Think PCS Is All the Same? Think Again.
August 11, 2020
By Paul Momtahan
Director, Solutions Marketing
As described in my earlier blog, “Probabilistic Constellation Shaping: Faster, Further, Smoother,” probabilistic constellation shaping promises to deliver multiple benefits, including enhanced granularity, improved tolerance to noise and/or nonlinearities, and baud rate flexibility. However, the following four factors can determine the gain and benefits of PCS:
Number 1: Codeword Length
Figure 1: The distribution matcher
As described my earlier blog, “Ah, So That’s How Probabilistic Constellation Shaping Works!”, the distribution matcher takes a uniform bit sequence, ones and zeros with equal probability, and converts these into symbols with a desired distribution. How well it does this depends, to a large extent, on how much data it looks at, which we will refer to as the codeword length, shown in Figure 1. A long codeword increases the probability that a good match can be found.
As shown in Figure 2, a codeword length of around 100 symbols results in around half the gain of a codeword with a length of around 1,000 symbols, with diminishing returns as we go much beyond that. A codeword with a little more than 1,000 symbols is therefore enough to deliver almost all the potential gain of PCS. However, in addition to advanced algorithms, long-codeword PCS (LC-PCS) requires an ASIC/DSP with a 7-nm or better process node.
Figure 2: Codeword length vs. PCS gain
Number 2: Transceiver Quality
Another important factor for PCS gain is the quality of the coherent transceiver, the modem signal-to-noise ratio (SNR), which basically describes the amount of noise generated inside the transceiver/modem. Factors that influence the modem SNR include the precision of the DSP; the performance of the digital to-analog converter (DAC), analog-to-digital converter (ADC), Mach- Zehnder modulators, and trans-impedance amplifiers (TIAs); and the quality of the radio frequency (RF) interconnects between the ASIC/DSP and analog electronics (drivers and TIAs) and between the analog electronics and photonics (i.e., the photonic integrated circuit in the case of Infinera’s sixth-generation Infinite Capacity Engine, ICE6). The better the transceiver, the higher the modem SNR. For a practical coherent transceiver, PCS gain is determined by both the codeword length and the modem SNR.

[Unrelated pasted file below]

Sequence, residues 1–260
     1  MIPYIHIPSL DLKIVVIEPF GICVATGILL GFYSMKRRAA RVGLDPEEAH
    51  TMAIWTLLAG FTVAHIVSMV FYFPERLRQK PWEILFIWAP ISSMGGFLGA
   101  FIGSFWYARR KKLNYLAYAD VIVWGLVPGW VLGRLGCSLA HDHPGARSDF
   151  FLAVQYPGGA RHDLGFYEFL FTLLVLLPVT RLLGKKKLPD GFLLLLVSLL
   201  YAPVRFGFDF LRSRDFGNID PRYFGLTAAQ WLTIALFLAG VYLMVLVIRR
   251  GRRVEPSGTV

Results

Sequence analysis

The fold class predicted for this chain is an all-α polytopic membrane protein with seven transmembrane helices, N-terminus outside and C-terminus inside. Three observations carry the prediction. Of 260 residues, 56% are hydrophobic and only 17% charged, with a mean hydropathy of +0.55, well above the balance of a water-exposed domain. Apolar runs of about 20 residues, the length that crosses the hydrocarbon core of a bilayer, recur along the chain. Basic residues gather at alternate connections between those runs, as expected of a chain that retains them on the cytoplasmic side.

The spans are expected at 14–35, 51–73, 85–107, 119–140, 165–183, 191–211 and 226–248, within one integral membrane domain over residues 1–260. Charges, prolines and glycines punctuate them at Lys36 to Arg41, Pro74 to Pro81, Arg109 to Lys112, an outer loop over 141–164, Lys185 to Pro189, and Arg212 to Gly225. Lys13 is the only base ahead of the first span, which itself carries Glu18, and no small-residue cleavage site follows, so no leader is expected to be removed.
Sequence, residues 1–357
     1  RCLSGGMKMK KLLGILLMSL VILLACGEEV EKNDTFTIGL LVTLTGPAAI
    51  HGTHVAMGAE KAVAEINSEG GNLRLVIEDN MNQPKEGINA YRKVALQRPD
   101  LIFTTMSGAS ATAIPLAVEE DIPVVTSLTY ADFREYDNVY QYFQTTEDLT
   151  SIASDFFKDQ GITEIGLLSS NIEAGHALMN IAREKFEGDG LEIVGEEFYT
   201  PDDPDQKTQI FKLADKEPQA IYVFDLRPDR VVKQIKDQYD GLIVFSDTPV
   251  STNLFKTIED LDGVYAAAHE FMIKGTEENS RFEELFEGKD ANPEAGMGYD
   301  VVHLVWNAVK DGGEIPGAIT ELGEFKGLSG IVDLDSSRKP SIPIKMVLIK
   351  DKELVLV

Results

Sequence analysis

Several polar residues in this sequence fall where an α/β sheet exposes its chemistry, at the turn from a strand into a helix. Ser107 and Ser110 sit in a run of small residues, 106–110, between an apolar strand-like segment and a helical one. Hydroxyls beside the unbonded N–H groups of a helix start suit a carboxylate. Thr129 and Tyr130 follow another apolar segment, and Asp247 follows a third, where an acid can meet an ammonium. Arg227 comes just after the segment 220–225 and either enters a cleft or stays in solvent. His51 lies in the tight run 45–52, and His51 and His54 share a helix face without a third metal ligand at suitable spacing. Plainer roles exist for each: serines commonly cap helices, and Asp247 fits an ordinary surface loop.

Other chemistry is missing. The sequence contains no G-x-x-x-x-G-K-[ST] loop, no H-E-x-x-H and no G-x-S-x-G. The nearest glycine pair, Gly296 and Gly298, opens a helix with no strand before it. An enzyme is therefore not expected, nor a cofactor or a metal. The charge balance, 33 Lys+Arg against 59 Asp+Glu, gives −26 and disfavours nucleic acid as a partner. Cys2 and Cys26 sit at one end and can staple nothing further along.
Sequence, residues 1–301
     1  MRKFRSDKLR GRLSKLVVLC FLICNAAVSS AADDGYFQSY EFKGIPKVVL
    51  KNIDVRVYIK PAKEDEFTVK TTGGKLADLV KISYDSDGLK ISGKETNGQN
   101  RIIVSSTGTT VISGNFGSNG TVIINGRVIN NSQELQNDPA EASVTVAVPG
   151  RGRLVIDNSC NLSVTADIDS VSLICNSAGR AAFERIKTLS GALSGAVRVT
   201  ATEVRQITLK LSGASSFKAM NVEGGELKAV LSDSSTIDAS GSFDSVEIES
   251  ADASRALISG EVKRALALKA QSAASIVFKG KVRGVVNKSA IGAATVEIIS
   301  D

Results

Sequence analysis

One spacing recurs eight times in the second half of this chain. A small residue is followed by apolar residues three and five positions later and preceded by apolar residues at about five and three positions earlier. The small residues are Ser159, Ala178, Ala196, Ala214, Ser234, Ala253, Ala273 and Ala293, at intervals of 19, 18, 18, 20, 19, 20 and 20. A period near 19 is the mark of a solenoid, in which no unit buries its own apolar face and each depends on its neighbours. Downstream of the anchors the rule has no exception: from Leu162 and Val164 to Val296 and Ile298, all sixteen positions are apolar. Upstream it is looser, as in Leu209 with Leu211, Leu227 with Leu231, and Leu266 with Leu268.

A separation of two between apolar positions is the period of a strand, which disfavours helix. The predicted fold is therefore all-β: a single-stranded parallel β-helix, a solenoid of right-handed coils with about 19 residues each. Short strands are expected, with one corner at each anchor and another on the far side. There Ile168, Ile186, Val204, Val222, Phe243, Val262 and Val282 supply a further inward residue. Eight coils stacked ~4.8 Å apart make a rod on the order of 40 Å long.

Number 3: The Distribution Shape
Figure 3: Gaussian vs. super-Gaussian
Another factor that can impact PCS performance is the shape of the distribution. For most applications, a Gaussian distribution will deliver the best results.
However, for scenarios where power levels are high and reducing nonlinearities is the priority, such as submarine with uncompensated large effective area fiber, a flatter super-Gaussian distribution, which more evenly spreads the power over the inner constellation points, as shown in Figure 3, can deliver better results.
Number 4: Per-subcarrier PCS with Dynamic Bandwidth Allocation
Figure 4: Wavelengths have higher penalties at the edges
A single-carrier wavelength experiences different penalties across its spectrum, typically with higher penalties toward the edges and lower penalties nearer the center, due to factors such as filter roll-off and DAC/ADC performance, as shown in Figure 4.
Nyquist subcarriers use advanced digital signal processing to divide a single high-baud-rate carrier into multiple lower-baud-rate subcarriers. However, if all the subcarriers must operate at the same data rate, then for a given reach requirement, the capacity will be limited by the outermost subcarriers. Dynamic bandwidth allocation (DBA) enables the data rate on each subcarrier to be set individually with a different bits/symbol setting for PCS.
Figure 5: Uniform subcarriers: limited by outer subcarriers
For example, if all the subcarriers have to be at the same data rate, then for the reach requirement shown in Figure 5, we are limited by the outer subcarriers to 87.5 Gb/s per subcarrier, giving a total of 700 Gb/s for the wavelength. With DBA we can increase the inner subcarriers to 95 Gb/s, 105 Gb/s, and 112.5 Gb/s, increasing the total wavelength capacity to 800 Gb/s, as shown in Figure 6.
Figure 6: Dynamic bandwidth allocation for increased capacity
Alternatively, we could decrease the outer subcarriers to 82.5 Gb/s and 85 Gb/s and increase the inner subcarriers to 90 Gb/s and 92.5 Gb/s to increase the reach with the same wavelength capacity (700 Gb/s), as shown in Figure 7.
Figure 7: Dynamic bandwidth allocation for increased reach
For more information on this important topic, see new the Infinera white paper “Faster, Further, Smoother: The Case for Probabilistic Constellation Shaping.”